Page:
Even as the audience was worrying on this set of issues, Peter Mukerjea brought out another set of concerns. He began his presentation with the quoting Don Schultz from the foreword of the book Life After 30-second Spot. He said, “Consumer is different today, but advertising is not. It is still 30-second ads format for a consumer, who cannot be formatted.”

He pointed out the gradual movement to consumer-generated content and the emergence of concepts like Direct Marketing and PR for the marketing success of a product.

To the shatter myths that we faced today, Mukerjea brought out points that were issues earlier, but over time had ceased – whether it was the prediction of television never taking off or consumers turning into ‘serial clickers’ ending the advertising era, as soon as the remote control was invented. He pointed that people still kept coming back.

Nonetheless, the medium was transforming now. From a situation, where media was controlled, technological revolution has led to the consumer controlling the media. Mukerjea explained that with the growth of digital communication, the nature of production, distribution and finally consumption of TV had changed, and so would TV advertising.

He cited the examples of IPTV and BT delivering content over phone lines, Interactive TV like SKY News Active, PVRs, X TV and so on, emphasising that competition only got accentuated going forward, pressure on programmers intensifying to actually leading to a scene where only the best would survive.

Throwing light on some future trends, Mukerjea said, “There would be complete technological convergence, product integration, sponsorships would be more meaningful. Even if the digital immigrants will not become native, there is a need to be accustomed to the digital culture and then, only sky is the limit.”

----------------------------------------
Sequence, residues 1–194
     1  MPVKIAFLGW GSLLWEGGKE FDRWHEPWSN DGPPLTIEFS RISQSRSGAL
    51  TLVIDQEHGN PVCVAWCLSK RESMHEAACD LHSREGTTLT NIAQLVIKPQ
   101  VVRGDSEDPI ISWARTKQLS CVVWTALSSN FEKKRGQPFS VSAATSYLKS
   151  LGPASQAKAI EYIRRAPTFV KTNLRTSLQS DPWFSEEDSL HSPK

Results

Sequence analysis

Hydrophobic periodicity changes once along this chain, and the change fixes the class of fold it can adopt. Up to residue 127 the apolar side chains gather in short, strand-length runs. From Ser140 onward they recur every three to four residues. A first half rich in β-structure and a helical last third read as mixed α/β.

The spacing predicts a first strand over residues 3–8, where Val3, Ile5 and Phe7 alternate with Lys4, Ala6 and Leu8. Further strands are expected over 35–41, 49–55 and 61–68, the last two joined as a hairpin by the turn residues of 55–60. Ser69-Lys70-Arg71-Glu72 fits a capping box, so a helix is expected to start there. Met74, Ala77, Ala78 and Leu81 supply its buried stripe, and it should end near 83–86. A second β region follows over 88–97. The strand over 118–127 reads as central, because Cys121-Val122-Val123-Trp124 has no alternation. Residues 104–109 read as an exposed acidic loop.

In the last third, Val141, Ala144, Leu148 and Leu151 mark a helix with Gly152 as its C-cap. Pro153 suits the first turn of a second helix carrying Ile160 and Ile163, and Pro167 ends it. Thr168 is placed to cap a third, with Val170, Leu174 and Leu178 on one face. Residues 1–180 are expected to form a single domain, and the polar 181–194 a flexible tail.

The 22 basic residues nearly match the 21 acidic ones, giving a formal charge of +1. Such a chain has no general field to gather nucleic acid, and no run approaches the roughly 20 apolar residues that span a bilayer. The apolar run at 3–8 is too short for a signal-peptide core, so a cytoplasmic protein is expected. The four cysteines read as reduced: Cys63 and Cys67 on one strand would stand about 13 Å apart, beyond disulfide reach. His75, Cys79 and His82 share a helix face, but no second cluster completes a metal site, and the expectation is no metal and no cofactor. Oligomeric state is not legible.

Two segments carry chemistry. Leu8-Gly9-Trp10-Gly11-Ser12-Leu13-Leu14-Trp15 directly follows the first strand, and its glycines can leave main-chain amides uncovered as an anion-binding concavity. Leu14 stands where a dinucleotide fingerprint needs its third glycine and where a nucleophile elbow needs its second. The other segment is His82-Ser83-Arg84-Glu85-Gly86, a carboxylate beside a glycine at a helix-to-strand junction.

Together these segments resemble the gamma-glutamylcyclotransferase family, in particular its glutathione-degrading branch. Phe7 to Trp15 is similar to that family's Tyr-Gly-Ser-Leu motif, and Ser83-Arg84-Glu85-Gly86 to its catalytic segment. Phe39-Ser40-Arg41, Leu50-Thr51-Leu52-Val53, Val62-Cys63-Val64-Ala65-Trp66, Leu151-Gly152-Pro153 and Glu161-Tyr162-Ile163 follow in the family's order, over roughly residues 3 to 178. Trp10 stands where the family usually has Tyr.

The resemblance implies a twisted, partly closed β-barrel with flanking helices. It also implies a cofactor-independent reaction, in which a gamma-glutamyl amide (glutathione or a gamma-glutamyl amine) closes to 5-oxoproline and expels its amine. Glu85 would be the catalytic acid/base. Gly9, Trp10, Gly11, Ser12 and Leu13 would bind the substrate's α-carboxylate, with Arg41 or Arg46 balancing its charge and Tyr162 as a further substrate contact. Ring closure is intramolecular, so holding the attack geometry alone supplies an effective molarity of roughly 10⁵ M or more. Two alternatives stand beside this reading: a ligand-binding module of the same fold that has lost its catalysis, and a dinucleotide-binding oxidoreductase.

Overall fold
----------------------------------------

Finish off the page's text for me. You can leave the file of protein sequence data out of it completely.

The conclusion of the session led to the final session of the day, Panel Response, which saw the participation of advertising industry’s heavyweights like O&M’s Piyush Pandey, Mudra’s Madhukar Kamath and V Shantakumar from Saatchi & Saatchi. Sunil Alagh was the Chairperson of the session. Even before the session began, he informed the audience that the panellists would just voice a thought they regarded as relevant to the industry, and then opened the floor to the audience, a privilege not seen in the earlier sessions.

Alagh began with the need to going to fundamentals for a problem, but not intellectualising the issue and not being restricted by benchmarks. Pandey was the first panellist to address the crowd, who began with the question, “Are we bugging consumers too much? In our excitement of new things, we are forgetting the basics and the result is that 85 per cent of what we see today is utter crap!”